Former NFL Player Todd McMillon’s Prostate Cancer Surgery Experience

Todd McMillon talks about his prostate cancer surgery experience

Screen Shot 2015-01-22 at 2.22.08 PMTodd McMillon was diagnosed with prostate cancer at age 39.

Knowing that he had a family history and undergoing regular screening is what saved his life.

After his diagnosis, he chose to undergo robotic surgery. His experience was positive.

For more on Todd’s prostate cancer surgery experience, watch the video below:

Todd McMillon:  During my consultation when I was first diagnosed with prostate cancer and we sat now with Dr. Brito, my wife and I.  He gave me a couple of options.  First one was the surgery to prostatectomy with the Da Vinci robotic surgery that was an option or the old school manual surgery what actually going there and they cut you below your belly button that was another option.  He also gave me an option of doing the beads the implants.  Other ones, I didn’t qualify for because I was so young to have prostate cancer. 

It was deemed aggressive and so he thought that the best treatment for me would be a full prostatectomy, so what he explained to me what the Da Vinci is that they would come in with eight incisions.  It’s almost like if you had a scope done in your knee, a little small pinprick.  He would be in a corner of the operating room underneath almost like a little some type of machine and he would control the robot.  It’s kind of awkward.  I think I am upside down.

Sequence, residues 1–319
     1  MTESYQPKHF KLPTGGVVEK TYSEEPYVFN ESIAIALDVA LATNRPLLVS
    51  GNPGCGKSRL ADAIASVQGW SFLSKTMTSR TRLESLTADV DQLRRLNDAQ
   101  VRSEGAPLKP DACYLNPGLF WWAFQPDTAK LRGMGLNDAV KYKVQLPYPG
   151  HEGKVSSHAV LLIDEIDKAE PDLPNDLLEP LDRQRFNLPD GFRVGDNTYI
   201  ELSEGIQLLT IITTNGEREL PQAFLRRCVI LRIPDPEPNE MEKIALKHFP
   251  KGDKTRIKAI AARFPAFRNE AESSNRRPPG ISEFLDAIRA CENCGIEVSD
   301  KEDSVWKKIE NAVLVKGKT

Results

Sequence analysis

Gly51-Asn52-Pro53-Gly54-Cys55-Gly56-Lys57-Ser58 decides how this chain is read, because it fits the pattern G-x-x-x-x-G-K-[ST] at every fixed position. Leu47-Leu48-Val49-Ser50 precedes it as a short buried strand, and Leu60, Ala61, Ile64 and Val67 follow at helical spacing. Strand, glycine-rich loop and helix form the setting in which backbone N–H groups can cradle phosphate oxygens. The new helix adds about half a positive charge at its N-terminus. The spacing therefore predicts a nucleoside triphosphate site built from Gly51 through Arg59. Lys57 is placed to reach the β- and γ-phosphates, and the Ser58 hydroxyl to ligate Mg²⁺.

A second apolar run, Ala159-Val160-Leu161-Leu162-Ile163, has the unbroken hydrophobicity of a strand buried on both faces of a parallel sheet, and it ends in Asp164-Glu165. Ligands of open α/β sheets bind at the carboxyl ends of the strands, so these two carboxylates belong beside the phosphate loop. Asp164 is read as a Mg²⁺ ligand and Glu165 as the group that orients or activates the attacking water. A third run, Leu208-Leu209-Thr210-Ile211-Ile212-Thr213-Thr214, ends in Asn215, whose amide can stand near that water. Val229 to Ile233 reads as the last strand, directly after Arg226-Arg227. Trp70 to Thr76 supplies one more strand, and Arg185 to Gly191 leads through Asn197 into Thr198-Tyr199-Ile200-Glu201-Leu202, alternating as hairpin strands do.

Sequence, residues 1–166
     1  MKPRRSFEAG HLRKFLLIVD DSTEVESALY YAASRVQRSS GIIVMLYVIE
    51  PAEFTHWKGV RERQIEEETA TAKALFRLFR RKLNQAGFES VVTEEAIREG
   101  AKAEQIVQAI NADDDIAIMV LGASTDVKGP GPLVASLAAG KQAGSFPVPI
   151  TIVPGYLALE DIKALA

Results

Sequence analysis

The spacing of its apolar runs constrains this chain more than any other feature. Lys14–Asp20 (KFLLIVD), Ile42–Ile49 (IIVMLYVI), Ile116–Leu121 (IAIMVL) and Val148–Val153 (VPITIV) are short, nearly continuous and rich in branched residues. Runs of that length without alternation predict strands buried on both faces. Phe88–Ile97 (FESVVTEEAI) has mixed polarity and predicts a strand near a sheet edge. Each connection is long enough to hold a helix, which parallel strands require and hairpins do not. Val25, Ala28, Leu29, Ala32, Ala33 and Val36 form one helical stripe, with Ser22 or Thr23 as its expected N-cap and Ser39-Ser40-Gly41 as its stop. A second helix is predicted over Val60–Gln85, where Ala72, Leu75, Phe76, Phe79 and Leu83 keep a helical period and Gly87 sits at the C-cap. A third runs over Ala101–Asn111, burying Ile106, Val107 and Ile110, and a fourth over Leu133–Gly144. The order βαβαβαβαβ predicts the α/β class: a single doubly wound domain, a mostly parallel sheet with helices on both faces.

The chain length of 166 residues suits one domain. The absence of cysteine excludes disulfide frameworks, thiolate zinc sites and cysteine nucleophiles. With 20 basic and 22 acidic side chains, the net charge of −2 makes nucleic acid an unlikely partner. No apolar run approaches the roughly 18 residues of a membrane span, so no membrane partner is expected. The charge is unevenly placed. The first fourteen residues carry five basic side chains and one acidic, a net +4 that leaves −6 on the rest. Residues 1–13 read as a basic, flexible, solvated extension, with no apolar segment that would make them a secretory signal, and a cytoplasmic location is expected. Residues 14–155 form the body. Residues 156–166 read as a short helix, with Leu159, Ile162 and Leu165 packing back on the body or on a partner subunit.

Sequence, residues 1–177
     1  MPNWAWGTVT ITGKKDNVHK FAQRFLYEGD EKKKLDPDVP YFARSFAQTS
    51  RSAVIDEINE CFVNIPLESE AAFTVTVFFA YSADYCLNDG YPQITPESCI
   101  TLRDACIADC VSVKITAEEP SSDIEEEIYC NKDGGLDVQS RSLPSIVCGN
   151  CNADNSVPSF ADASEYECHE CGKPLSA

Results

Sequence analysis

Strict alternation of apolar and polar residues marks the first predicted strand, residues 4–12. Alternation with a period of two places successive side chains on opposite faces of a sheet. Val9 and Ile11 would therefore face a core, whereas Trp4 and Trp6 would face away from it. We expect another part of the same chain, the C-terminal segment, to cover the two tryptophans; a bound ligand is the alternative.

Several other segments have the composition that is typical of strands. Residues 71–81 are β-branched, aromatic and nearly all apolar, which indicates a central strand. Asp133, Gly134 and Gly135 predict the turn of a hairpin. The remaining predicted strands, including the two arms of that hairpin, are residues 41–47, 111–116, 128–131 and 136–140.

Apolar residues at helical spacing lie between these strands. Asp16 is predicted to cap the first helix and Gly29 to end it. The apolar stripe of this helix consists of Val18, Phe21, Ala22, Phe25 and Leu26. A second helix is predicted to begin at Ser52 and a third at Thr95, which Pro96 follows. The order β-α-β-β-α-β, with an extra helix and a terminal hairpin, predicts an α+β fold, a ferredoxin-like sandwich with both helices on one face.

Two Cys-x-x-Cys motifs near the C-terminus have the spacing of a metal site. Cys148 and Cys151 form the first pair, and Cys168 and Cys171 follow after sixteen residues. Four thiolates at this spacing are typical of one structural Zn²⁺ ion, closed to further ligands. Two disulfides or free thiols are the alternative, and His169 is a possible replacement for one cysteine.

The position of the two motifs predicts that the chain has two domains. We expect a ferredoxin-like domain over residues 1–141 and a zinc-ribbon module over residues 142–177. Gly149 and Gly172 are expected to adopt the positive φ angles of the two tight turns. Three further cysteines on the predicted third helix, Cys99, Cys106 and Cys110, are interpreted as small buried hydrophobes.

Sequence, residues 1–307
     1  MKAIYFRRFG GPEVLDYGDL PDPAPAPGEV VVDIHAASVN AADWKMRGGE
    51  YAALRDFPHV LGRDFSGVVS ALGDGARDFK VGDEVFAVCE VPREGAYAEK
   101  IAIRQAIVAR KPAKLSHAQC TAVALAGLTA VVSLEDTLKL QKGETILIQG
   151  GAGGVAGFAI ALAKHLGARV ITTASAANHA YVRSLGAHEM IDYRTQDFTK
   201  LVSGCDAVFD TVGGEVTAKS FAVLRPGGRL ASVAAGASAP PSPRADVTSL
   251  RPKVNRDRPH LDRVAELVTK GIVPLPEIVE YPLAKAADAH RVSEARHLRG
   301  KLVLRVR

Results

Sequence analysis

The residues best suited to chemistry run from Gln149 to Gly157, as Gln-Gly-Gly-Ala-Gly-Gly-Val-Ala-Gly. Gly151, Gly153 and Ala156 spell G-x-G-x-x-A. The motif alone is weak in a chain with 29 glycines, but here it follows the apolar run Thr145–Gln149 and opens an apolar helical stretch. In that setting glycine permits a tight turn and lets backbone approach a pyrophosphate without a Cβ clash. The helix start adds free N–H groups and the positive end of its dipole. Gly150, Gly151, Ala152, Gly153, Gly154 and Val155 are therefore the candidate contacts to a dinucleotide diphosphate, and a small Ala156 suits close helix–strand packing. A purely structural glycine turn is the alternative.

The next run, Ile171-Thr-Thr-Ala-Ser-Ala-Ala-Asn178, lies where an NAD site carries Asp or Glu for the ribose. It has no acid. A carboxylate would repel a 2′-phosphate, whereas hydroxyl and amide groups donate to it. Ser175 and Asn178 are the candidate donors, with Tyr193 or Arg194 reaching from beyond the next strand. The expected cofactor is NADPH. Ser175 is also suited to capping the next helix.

There is certain way that you are tilted when they do this surgery and so once again they came in eight incisions across my stomach and actually you can see them, but I have a little incision here and one there and you could see I am come across my stomach using the robotic surgery.  He ensured that me that was one of the best way he could preserve my nerves because doctor doesn’t do a good job, then you might loose some function. 

The surgery was supposed to be two and a half hours and actually it ended being an hour and a half which was awesome.  Recovery time wasn’t too bad.  I was in the hospital for a day and a half.  I probably about three or four hours after my surgery, I started to walk.  I mean they give you morphine and they give all that stuff and I was like I don’t need that just give me Tylenol and let me get to walking in the hospital and so I have a walk my around, trying to break up the gas, and on top of that I had a catheter in that was probably the most painful of at all was that catheter surgery was fine, but the catheter for 10 days after the surgery was probably one of the toughest things I had to do.


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